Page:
ODR across cultures

At the recent ODR Forum in Liverpool, one of the presentations that captured by interest was one by Juripax, on their ODR system which inter alia, used emoticons to convey emotions. As far as I know, Juripax is the only ODR system in the world today which uses emoticons (not just in the body text, but rendered as emoticons) in facilitating dispute resolution, and its UI makes definitely makes it one of the more user friendly ODR solutions currently available.

However, while acknowledging that emoticons and similar tools that are intended to facilitate communication are to be welcomed in ODR systems, a recent study points to the dangers of including them and assuming then that such tools will automatically augment communication between parties.

Emoticons carry cultural baggage, an article on Ars Technica, points to the following:

Emoticons act as proxies for facial expressions, and there are a lot of studies showing that many facial expressions can be interpreted correctly by all human cultures. Despite that universality, however, there are subtle differences in interpretations across cultures. The authors propose a model in which a culture’s interpretation of facial expressions is dependent upon a combination of the culture’s emotional openness and the challenge of controlling certain facial muscles. As they put it, “Given that the eyes are more difficult to control than the mouth when people express emotions, we predicted that individuals in cultures where emotional subduction is the norm (such as Japan) would focus more strongly on the eyes than the mouth when interpreting others’ emotions. By contrast, we predicted that people in cultures where overt emotional expression is the norm (such as the US) would tend to interpret emotions based on the position of the mouth, because it is the most expressive part of the face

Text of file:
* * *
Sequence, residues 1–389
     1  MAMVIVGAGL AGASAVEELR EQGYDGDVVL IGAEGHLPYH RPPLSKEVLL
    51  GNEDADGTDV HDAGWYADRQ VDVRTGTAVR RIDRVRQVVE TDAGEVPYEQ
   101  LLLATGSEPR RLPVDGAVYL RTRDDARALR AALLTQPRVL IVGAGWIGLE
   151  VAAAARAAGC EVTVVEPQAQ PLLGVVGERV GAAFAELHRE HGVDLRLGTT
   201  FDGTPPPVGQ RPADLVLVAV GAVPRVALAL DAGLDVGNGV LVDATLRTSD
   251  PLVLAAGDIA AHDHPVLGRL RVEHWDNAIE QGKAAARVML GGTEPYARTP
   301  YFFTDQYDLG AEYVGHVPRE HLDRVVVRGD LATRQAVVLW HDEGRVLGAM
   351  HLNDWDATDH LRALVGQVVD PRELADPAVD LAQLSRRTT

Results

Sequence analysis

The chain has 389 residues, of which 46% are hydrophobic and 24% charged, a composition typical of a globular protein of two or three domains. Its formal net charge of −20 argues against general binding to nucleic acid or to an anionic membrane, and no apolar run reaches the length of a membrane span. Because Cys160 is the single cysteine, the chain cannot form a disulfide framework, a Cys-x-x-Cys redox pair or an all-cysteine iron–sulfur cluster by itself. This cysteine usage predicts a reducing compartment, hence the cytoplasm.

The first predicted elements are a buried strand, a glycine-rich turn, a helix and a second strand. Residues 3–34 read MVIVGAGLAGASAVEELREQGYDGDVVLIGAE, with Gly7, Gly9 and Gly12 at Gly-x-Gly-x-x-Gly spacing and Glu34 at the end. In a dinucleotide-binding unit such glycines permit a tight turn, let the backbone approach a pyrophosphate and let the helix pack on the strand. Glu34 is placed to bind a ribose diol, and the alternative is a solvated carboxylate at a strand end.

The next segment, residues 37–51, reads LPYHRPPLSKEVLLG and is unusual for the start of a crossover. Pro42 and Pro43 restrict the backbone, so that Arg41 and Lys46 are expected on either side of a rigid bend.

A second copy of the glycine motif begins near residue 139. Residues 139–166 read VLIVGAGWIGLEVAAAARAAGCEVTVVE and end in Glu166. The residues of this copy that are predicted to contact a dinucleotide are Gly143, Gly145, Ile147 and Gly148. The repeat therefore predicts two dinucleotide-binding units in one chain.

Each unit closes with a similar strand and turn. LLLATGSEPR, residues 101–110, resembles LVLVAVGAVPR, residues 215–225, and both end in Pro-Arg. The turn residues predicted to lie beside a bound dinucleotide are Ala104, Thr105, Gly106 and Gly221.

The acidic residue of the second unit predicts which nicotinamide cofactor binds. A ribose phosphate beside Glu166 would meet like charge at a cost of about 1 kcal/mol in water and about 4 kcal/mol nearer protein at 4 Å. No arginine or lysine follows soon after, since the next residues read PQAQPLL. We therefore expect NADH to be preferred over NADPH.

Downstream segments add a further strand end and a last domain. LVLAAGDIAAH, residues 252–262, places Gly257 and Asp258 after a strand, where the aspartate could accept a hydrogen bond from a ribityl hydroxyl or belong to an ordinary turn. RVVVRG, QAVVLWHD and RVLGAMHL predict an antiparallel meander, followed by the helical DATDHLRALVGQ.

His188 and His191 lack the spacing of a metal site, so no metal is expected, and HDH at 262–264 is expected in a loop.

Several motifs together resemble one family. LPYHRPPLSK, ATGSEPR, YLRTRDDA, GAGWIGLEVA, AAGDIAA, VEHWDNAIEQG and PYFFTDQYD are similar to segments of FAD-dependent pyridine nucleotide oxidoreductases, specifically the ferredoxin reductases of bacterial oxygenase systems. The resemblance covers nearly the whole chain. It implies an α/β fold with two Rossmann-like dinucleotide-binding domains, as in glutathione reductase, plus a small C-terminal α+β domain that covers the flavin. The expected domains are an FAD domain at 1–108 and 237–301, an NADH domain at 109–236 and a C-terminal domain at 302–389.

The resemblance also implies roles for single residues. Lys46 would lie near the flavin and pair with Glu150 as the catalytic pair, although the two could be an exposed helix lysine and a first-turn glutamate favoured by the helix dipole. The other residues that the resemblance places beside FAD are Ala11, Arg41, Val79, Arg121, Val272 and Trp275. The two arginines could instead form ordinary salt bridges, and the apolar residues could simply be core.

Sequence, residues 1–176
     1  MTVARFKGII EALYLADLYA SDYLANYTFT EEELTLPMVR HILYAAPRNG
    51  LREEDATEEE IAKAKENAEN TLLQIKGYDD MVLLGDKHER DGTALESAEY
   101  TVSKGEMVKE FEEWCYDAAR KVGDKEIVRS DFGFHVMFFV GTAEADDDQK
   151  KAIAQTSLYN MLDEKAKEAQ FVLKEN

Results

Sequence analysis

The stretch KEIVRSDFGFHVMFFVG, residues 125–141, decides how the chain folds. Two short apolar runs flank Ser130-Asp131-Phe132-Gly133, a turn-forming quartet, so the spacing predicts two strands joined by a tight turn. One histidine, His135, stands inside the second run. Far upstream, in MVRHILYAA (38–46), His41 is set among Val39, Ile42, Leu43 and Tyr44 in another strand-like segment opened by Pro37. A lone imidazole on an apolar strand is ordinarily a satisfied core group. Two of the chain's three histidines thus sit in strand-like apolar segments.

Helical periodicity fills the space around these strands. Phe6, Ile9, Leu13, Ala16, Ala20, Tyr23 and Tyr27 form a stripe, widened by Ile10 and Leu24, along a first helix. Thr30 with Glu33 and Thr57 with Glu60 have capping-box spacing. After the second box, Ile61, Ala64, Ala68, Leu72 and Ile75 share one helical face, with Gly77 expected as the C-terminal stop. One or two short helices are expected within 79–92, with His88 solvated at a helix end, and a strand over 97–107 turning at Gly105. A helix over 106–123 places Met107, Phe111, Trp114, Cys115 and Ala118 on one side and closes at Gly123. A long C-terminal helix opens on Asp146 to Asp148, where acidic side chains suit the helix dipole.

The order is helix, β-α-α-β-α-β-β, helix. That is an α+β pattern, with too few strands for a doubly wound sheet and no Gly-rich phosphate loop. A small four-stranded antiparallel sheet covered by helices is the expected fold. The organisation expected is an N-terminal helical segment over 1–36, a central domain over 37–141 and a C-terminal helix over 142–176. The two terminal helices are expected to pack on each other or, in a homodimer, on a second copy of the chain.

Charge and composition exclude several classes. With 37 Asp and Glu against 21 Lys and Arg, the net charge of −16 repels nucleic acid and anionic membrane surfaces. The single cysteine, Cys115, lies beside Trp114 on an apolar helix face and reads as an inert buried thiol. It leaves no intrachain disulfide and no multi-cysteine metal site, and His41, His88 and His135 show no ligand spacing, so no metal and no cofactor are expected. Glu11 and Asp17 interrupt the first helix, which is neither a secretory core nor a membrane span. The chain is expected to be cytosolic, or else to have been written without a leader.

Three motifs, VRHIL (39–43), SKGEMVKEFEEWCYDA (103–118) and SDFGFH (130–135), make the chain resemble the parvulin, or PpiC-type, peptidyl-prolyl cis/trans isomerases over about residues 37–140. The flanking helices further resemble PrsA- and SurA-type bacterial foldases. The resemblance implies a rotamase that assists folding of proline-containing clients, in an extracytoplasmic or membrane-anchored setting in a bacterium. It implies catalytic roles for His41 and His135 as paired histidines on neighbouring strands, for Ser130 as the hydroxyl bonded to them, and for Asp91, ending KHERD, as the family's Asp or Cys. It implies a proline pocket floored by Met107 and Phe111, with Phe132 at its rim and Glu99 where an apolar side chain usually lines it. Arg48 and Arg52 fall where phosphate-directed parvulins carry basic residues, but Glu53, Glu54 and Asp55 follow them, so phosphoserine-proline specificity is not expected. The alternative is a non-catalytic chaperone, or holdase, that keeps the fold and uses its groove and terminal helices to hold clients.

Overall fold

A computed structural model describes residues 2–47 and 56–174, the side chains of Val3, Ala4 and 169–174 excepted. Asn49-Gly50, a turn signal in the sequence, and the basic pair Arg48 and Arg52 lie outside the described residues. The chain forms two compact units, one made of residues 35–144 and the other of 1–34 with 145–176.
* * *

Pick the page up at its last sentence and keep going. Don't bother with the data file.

Ironically, emoticons are generally used to attempt to convey emotions that may not be easy to express in pure text—these data suggest that they may not always be effective for their intended task. As with many of these situations, knowing your audience is probably more important than anything else.

Clearly a lesson here for the development of inter-cultural ODR platforms.

Read the full study here.

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